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Equifax says data for 143 million Americans exposed. Your questions, answered
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The company said criminals stole Social Security numbers and sensitive information for nearly 143 million Americans, according to the Associated Press. - photo by Herb Scribner
Equifax, one of the major credit monitoring companies in the nation, said on Thursday that much of its data was exposed, leaving about 143 million Americans vulnerable to identity fraud.

The company said criminals stole Social Security numbers and sensitive information for nearly 143 million Americans, according to the Associated Press.

All of this information could be used to steal information and identity from Americans.

"On a scale of one to 10, this is a 10 in terms of potential identity theft," said Gartner security analyst Avivah Litan, according to the AP. "Credit bureaus keep so much data about us that affects almost everything we do."

Weve collected some helpful information about the hack to explain things a little easier. Heres a quick breakdown.

Was I hacked?: Here's how to find out: Equifax recommends you sign up for TrustedID Premier, which will tell you whether or not youve been hacked.

Head to www.equifaxsecurity2017.com and click on the Check Potential Impact tab to see if youve been hacked. Youll have to enter in the final six digits of your Social Security number.

Really?: Yes. But this decision drew criticism from experts, who said the company shouldnt be asking for more Social Security information to see if youve been hacked.

What if I dont use Equifax?: Equifax probably still has information on you, according to CNN Money. The service tracks financial history of U.S. consumers (even if you didnt know it), using information from banks, retailers and lenders.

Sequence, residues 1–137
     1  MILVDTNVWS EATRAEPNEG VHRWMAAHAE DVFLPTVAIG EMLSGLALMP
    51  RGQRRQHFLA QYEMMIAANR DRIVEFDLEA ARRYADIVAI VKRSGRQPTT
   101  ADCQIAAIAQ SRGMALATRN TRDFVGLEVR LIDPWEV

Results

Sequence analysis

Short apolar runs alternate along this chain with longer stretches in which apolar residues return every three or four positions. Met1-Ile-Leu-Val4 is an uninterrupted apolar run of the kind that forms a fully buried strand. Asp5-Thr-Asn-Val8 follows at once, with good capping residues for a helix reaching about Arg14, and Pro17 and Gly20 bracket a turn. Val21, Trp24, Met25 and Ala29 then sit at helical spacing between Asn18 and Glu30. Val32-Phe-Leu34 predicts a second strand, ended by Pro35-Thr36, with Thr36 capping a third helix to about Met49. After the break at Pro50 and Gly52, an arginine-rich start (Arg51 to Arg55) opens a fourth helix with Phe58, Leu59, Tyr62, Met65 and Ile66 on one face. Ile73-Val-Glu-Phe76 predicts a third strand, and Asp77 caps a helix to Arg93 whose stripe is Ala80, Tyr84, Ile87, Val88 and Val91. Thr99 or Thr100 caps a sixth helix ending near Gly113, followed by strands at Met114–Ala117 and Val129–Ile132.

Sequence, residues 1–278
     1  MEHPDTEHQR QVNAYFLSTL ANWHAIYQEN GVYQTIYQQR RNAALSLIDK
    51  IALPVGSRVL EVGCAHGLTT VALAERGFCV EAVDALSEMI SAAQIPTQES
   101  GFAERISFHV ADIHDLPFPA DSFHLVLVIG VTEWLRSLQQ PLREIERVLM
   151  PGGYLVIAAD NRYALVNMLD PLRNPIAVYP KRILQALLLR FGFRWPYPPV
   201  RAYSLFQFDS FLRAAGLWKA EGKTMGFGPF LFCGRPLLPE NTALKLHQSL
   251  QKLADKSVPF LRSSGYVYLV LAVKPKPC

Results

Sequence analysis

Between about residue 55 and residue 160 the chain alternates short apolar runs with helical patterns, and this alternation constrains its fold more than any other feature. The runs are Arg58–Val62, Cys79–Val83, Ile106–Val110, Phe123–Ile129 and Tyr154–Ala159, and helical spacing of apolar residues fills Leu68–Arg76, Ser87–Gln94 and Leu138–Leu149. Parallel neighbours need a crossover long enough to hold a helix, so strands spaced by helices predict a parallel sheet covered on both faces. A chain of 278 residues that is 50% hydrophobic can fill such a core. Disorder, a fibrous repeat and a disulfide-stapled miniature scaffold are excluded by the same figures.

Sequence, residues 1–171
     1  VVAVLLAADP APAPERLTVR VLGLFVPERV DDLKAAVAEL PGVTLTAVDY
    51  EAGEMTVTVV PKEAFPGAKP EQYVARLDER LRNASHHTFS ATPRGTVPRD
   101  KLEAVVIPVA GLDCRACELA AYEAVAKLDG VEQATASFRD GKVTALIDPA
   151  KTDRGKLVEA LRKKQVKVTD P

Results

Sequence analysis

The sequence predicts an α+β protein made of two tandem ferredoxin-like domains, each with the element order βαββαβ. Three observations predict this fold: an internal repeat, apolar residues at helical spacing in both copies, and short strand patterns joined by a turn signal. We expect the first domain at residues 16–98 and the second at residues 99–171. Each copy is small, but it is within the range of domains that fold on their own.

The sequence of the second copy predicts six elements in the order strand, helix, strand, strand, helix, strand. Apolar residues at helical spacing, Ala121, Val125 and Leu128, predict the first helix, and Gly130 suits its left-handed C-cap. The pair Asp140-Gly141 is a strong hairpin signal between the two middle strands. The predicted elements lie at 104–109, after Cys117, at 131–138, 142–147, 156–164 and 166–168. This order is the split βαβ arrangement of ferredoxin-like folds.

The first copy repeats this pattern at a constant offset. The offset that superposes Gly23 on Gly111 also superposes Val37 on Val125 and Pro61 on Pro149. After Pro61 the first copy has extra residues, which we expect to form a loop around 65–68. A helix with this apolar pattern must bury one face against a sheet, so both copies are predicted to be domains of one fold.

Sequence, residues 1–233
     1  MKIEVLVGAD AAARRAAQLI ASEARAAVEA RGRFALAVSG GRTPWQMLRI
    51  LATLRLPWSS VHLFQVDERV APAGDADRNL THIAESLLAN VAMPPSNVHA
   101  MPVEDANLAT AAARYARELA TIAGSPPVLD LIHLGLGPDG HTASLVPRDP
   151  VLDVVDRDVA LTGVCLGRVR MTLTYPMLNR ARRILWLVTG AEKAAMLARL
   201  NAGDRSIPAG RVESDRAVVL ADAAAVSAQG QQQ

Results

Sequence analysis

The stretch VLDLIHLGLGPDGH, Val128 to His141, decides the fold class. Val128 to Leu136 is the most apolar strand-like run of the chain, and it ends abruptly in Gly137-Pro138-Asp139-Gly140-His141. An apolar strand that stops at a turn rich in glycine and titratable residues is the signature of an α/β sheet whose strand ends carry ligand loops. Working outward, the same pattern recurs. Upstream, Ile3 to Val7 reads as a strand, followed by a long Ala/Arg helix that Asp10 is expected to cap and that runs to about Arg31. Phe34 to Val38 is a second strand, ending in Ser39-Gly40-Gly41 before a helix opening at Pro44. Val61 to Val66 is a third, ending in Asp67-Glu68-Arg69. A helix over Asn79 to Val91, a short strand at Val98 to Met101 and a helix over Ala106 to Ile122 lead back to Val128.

So what was hacked?: Information exposed included Social Security numbers, home addresses, birth dates and even some drivers license numbers. According to Toms Guide, about 209,000 peoples credit card numbers were stolen. And 182,000 people had their personal identity information stolen, too.

Should I call Equifax?: TechCrunch writer Sarah Buhr called Equifax three times to learn more about the hack and the new TrustID service. She said she waited around until the call hung up on her all three times.

What should I do now?: Forbes has a good answer for that. First, you should find out if youve been affected, then begin monitoring your account for potential hacks. Forbes also recommends what to do in case you experience identity theft.

Is anyone upset about this?: The Chicago Tribune reported that users complained about the company for the hack. Consumers also arent happy that they have to give up more sensitive information just to see if theyve been hacked. Customer service representatives said theres not much they can do for consumers, either, the Tribune reported.

Did the company know?: As Bloomberg reported, three senior executives sold shares worth $1.8 million just days before the breach. The company said they hadnt been informed of the incident.

Hows the companys stock?: The company saw a 13.89 percent decrease in shares after the news broke of the jack, MarketWatch reported.

Is there a lawsuit yet?: Bloomberg reported that a class-action law suit seeks to represent the 143 million consumers affected, saying that the company didnt spend enough on protecting data.
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